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    Early differences in auditory processing relate to Autism Spectrum Disorder traits in infants with Neurofribramatosis Type I

    Begum Ali, Jannath and Kolesnik-Taylor, A. and Quiroz, I. and Mason, Luke and Garg, S. and Green, J. and Johnson, Mark H. and Jones, Emily J.H. (2021) Early differences in auditory processing relate to Autism Spectrum Disorder traits in infants with Neurofribramatosis Type I. Journal of Neurodevelopmental Disorders 13 , ISSN 1866-1955.

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    Abstract

    Background: sensory modulation difficulties are common in children with conditions such as Autism Spectrum Disorder (ASD), and could contribute to other social and non-social symptoms. Positing a causal role for sensory processing differences requires observing atypicalsensory reactivity prior to the emergence of other symptoms, which can be achieved through prospective studies. Methods: in this longitudinalstudy, we examined auditory repetition suppression and change detection at 5 and 10-months ininfants with and without Neurofibromatosis Type 1 (NF1), a condition associated with higher likelihood of developing ASD. Results: in typically developing infants, suppression to vowel repetition and enhancedresponses to vowel/pitchchangedecreased with ageoverposterior regions, becoming more frontally-specific; age-related change was diminished in the NF1group. Whilst both groups detected changes in vowel and pitch, the NF1group were largely slower to show a differentiated neural response. Auditory responses did not relate to later language but were related to later ASD traits. Conclusions: these findings represent the first demonstration of atypical brain responses to soundsin infants with NF1, and suggests they may relate to the likelihood of later ASD.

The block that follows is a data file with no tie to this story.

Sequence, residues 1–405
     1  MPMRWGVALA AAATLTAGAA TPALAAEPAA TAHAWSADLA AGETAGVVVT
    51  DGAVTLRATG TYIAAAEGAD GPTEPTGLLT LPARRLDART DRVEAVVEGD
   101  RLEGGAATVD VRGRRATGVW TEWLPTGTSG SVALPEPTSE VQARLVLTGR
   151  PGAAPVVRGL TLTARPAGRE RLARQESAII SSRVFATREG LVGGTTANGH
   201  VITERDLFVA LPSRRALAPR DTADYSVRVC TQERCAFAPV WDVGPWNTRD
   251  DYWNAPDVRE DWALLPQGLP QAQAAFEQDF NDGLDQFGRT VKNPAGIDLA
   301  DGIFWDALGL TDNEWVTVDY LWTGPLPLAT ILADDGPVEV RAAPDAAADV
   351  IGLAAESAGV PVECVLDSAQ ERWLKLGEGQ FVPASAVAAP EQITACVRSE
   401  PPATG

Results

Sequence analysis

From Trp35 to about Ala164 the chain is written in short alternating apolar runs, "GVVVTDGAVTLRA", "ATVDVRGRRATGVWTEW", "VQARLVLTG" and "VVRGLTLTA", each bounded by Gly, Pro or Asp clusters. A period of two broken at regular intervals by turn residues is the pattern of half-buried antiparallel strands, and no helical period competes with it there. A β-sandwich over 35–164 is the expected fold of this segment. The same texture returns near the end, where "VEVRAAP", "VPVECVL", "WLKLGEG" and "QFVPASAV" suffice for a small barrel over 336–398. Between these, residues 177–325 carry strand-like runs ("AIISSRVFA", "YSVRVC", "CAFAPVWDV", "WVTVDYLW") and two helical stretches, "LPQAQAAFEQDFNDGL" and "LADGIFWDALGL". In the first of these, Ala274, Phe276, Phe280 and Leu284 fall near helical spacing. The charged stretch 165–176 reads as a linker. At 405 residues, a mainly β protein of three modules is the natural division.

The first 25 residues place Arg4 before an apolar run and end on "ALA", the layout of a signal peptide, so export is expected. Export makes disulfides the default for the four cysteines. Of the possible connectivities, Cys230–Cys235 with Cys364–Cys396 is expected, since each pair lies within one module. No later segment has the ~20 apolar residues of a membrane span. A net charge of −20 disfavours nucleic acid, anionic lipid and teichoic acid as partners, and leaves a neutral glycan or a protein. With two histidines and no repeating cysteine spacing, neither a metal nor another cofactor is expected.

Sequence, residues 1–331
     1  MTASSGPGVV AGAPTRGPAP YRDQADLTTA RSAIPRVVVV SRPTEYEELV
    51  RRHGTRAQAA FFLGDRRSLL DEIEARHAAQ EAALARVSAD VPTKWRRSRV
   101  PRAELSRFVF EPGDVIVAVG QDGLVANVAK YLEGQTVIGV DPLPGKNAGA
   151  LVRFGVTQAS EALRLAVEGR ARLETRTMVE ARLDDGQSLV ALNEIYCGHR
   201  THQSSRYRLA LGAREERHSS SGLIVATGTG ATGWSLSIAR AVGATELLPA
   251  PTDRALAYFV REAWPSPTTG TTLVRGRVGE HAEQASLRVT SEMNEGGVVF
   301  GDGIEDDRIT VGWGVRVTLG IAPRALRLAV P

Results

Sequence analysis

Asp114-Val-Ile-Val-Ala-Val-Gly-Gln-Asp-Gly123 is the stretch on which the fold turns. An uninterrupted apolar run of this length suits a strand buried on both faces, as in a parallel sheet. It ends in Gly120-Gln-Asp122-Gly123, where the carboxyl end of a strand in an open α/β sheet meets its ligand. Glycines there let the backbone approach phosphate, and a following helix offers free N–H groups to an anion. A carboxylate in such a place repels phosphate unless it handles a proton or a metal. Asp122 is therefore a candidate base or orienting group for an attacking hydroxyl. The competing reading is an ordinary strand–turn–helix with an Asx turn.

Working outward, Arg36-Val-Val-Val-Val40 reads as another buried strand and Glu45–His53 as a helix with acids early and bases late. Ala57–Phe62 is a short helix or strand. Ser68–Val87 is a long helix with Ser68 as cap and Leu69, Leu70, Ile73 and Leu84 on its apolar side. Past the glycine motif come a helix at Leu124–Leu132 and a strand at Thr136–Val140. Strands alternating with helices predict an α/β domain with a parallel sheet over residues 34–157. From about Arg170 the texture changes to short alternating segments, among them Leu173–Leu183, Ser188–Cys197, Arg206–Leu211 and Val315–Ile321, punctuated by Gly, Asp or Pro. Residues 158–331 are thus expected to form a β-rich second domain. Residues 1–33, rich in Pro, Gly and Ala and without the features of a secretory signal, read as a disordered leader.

Metadata

    Item Type: Article
    School: School of Science > Psychological Sciences
    Research Centres and Institutes: Brain and Cognitive Development, Centre for (CBCD)
    Depositing User: Emily Jones
    Date Deposited: 06 Jul 2021 15:17
    Last Modified: 07 Jul 2021 04:14
    URI: https://eprints.bbk.ac.uk/id/eprint/43790

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